“It is an essential tenet of Buddhism that we can begin to change the world by first changing how we look at the world.” ― Greg Boyle,
Going into Saturday’s USRA desert race in Lynndyl, Utah (population 106), I felt nervous for my first official desert race of the year, which I thought would be a regular 35-mile race until it turned out to be a 35-mile loop that the leaders would round three times while I toughed two out on a tear for over 3 hours…my poor bike.
After the start, it was a free-for-all battle, and I worked to pass of all those (guys) in my way who were faster in the wide-open sections but slower than a snail and off the gas through the tight stuff. Once I was alone on the trail, I started to fly, riding the dangerous skinny ridge trails, across soggy, off-camber, silt-covered climbs and bar-busting, arm-bruising woods, sprinting as much as I could, knowing I was missing knobbies on my tires, fearing I was going to wad at any moment. But the stars aligned and I made no mistakes on the first loop, which brought me more confidence coming into the second lap.
After the second of three check points on the second loop, the overall race leader lapped me, and I was inspired watching his rear tire wheel tap out of sight. Another leader caught and passed me, standing up the whole time. That’s about when the devil caught me, too: “Why are you doing this to yourself?” “This is torture!” “Why don’t you just slow down, or quit?” “You suck. You’re so far off their pace.”
I heard another four stroke in the distance except it was not approaching as fast. A few long, whooped-out straightaways later, I spot her W on the side numberplate and her long hair. The last thing I expected. I never saw her coming!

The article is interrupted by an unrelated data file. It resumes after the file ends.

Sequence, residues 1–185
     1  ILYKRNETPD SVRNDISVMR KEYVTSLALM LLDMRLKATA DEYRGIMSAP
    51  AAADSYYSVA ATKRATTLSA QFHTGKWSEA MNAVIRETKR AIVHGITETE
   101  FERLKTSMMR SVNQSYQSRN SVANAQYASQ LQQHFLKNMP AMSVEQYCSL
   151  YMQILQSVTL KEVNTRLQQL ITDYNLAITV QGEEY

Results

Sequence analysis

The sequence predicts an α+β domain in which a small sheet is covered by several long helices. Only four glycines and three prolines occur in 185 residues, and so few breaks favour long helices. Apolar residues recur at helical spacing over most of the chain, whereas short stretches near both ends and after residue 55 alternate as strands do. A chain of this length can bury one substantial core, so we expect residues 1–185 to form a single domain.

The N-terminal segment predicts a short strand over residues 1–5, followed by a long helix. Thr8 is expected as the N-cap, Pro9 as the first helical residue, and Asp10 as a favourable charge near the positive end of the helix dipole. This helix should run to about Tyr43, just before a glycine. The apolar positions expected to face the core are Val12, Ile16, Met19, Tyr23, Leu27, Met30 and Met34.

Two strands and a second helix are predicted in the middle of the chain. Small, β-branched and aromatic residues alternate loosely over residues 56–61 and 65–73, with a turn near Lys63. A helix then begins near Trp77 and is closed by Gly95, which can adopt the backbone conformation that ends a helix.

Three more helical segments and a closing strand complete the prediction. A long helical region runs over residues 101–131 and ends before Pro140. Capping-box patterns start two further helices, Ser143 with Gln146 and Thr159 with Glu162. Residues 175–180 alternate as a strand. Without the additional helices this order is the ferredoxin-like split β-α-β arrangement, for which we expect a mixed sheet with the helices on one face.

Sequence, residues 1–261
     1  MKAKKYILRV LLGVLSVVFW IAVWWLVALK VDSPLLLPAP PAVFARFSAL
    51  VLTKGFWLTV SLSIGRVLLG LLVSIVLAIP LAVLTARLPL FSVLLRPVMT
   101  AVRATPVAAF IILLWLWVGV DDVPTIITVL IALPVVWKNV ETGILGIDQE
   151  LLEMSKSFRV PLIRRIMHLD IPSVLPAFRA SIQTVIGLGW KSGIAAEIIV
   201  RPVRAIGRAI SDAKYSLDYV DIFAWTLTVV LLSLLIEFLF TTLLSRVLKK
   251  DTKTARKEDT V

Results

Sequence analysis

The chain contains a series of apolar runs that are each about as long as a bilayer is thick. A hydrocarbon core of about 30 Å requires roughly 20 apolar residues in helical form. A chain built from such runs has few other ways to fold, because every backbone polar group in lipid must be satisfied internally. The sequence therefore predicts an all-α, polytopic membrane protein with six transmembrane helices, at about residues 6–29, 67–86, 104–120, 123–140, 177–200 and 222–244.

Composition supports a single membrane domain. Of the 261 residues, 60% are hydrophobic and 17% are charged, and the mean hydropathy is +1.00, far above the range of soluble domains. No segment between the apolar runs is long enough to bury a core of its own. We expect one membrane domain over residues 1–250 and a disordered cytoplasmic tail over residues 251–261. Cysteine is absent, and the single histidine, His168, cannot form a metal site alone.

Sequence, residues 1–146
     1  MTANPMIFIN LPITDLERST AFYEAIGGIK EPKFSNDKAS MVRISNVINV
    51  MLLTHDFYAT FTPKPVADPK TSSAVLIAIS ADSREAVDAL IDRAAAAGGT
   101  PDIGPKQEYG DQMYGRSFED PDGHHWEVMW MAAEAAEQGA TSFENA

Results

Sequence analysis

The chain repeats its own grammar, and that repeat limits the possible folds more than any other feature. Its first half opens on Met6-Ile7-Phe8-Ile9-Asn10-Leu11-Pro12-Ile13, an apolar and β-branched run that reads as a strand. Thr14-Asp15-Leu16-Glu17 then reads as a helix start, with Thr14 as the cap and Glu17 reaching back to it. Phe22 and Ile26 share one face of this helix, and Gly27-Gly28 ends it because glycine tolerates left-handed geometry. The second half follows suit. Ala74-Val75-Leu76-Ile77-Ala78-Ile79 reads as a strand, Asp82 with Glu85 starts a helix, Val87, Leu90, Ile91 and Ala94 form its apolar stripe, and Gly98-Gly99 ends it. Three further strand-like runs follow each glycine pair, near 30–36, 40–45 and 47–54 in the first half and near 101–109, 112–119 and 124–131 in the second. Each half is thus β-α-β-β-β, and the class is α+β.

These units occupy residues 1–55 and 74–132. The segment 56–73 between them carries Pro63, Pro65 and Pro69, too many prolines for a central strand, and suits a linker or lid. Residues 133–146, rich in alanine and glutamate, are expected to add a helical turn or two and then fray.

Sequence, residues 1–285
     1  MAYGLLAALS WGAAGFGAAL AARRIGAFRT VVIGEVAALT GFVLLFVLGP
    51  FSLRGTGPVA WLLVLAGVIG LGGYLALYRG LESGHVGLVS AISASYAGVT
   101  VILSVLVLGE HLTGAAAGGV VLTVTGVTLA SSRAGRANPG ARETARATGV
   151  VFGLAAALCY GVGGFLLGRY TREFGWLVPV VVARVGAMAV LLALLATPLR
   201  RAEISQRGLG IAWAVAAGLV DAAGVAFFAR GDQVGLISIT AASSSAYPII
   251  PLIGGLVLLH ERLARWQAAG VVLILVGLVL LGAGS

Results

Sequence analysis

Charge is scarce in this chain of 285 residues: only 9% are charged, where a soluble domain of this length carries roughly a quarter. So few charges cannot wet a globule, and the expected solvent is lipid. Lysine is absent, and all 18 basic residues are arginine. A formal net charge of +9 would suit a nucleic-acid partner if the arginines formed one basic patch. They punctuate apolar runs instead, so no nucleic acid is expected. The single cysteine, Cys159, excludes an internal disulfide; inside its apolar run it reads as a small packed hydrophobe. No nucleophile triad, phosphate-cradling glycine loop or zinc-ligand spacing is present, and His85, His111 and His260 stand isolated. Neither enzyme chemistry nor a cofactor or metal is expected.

She passed me and pulled away as more guys caught up to us, leaving us in a pack while they worked passed. I kept her in sight, waiting fiercely for my window knowing I didn’t want to get beat. Once the desert sand sections ended (briefly), we got into another soft, soggy-bottom trail through these thick bushes, so I went for it, coming in hot behind her and setting up for a pass anytime soon. I’m not sure she realized it or cared because she didn’t try to out motor me. I skated by clean for a few more turns through the brush and then it was back into the whoops. I’m gassed at this point – some 65 miles into the race, so I tried holding on as long as I could, knowing she was back there, and she passed me a few miles before the finish; I was 17 seconds behind at the end. The worst part was not knowing I was in the lead for those first 60 miles, since that’s just about the time I let off the gas. Lesson learned.
Results: I finished second in my class and 104th overall with a total two-lap time of 3:23:04, 17 seconds behind the leader’s 3:22:47, compared to the overall race leader Joe Wasson’s three-lap time of 3:19:58. (He finished three laps faster than I finished two.)